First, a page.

I did a briefing shortly after arriving home from Afghanistan about my deployment on a Provincial Reconstruction Team (PRT) as PRT Civil Engineers. You may have been reading my stories or maybe this is your first-time visit. Either way, here is a deeper look into what I was doing while deployed to Afghanistan.
If you missed Part 1: Defining a PRT. Start here.
I deployed to Kapisa, Afghanistan from Feb 2010 to Nov 2010:
This is a quick overview of what we did as PRT Civil Engineers.
In the office, we focused on all the paperwork required in managing a project from start to end. This included getting a new project approved for funding, writing statements of work, putting projects out for bids, awarding projects, tracking and implementing payments, meeting with contractors on base for project updates, closing out projects and the list goes on. We also had to attend various meetings with other PRT functions. We also had to go through careful planning of each mission off base.
Managed 35 Projects
When we arrived in Afghanistan we had 35 projects. The projects mainly consisted of roads, government structures, and schools. Our office consisted of 2 PRT Civil Engineers (military officers), 1 Engineering Assistant (military enlisted), and an Army CORP of Engineer member (civilian). This was quite the workload for such a small office. And it was one of the reasons we focused on closing out the 35 projects we inherited. Rather than starting new ones during our nine-month deployment.
We were responsible for 136 km of road while deployed. The longest road was located in the southern section of Kapisa (Tagab) and was 29 km long. We also had two bridge projects. One of our bridge projects (Ghazn-kan-Kel) has a cool story behind it. The stream separated one village. The road was located on the right side of the stream and during the rainy season the stream filled up and villagers were unable to safely move goods from one side of the stream to the other to sell in Kabul. This was a definite success story for the PRT.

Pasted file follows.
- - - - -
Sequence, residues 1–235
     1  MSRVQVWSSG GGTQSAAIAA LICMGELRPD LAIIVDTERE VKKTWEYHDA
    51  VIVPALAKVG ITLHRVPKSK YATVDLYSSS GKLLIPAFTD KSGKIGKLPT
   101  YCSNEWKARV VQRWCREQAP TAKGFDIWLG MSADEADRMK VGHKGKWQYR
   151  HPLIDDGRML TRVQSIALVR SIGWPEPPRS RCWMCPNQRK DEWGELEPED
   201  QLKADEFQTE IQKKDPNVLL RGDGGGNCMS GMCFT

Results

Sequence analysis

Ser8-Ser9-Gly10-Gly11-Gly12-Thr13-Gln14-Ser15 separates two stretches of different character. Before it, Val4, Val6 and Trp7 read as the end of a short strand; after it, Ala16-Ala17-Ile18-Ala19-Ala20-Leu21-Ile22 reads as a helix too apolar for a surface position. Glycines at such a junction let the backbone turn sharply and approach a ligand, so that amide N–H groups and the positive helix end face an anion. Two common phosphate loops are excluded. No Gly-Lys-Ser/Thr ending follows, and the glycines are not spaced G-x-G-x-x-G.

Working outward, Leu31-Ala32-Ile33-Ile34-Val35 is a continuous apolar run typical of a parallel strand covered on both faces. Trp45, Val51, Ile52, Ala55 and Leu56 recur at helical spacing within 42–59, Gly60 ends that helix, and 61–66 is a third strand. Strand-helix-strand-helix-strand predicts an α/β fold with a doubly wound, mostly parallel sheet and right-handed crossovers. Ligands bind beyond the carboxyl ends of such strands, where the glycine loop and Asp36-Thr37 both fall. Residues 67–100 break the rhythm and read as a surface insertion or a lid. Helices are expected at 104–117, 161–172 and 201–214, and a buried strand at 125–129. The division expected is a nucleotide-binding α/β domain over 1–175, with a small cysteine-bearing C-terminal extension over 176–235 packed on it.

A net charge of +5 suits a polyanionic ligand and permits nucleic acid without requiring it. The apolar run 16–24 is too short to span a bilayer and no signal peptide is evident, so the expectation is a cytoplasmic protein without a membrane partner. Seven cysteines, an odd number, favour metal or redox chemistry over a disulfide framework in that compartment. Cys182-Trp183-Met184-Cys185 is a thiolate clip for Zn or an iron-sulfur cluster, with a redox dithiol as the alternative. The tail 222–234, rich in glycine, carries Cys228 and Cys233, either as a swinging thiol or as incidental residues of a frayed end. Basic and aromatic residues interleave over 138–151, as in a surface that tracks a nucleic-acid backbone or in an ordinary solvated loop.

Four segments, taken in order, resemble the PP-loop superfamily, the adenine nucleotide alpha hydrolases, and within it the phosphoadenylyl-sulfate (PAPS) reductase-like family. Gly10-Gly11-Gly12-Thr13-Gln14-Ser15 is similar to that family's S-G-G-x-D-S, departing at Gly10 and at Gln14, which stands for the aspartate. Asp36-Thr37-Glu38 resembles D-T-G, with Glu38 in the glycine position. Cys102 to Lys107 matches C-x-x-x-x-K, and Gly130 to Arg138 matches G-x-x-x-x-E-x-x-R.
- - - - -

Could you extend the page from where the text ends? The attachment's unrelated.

Our goal was to hit every project for an on-site inspection approximately once a month. There were a number of factors that made our goal difficult. Depending on various factors ranging from safety, location and other missions the PRT needed to accomplish. Even if we did not get to each project each month we would meet with the contractors to discuss the status of the projects and get as much information as we could.
Besides the fact, we had to work around different missions and goals for the PRT there were still a number of projects that were in locations too dangerous for the PRT to visit. So we would rely on our local national engineers and pictures provided by contractors. We had two local national engineers who were able to do an in-depth analysis of most of our projects about once every five to ten days. Occasionally there inspection would happen as we were on our inspections. It worked great to have them there because they could communicate well with the contractors and us.
An interesting side note, a lot of construction terms did not have Dari or Pashtun words (the local language). For example, concrete sounded just like concrete. Whereas “how are you?” is “cetor hasti?” I had ten days of Dari language training at the beginning of my training. I learned the basics of how to say hello (a-salam alekom) and other basic phrases.
But I needed to rely on a translator to speak effectively with the contractors. Some of the contractors spoke English and that made communication easy. It worked best to have the same interpreter for the missions because some of the interpreters knew the construction terms and others did not making it difficult to communicate. On an early mission, the interpreter who ended up with me was new and was unable to communicate with the contractor. Long story short by the next stop on the mission I had a new interpreter.
Back to our local national engineers. There were a few projects in dangerous locations that they could not visit as well. The local national engineers were Tajik and were able to move freely in most of the northern half of the province. But they still had very limited movement in some of the southern and far eastern regions (See more about the region and culture in Part 2) of Kapisa.
The next part of the series focuses on the Missions of the PRT also known as off base inspections. Part 4: PRT Missions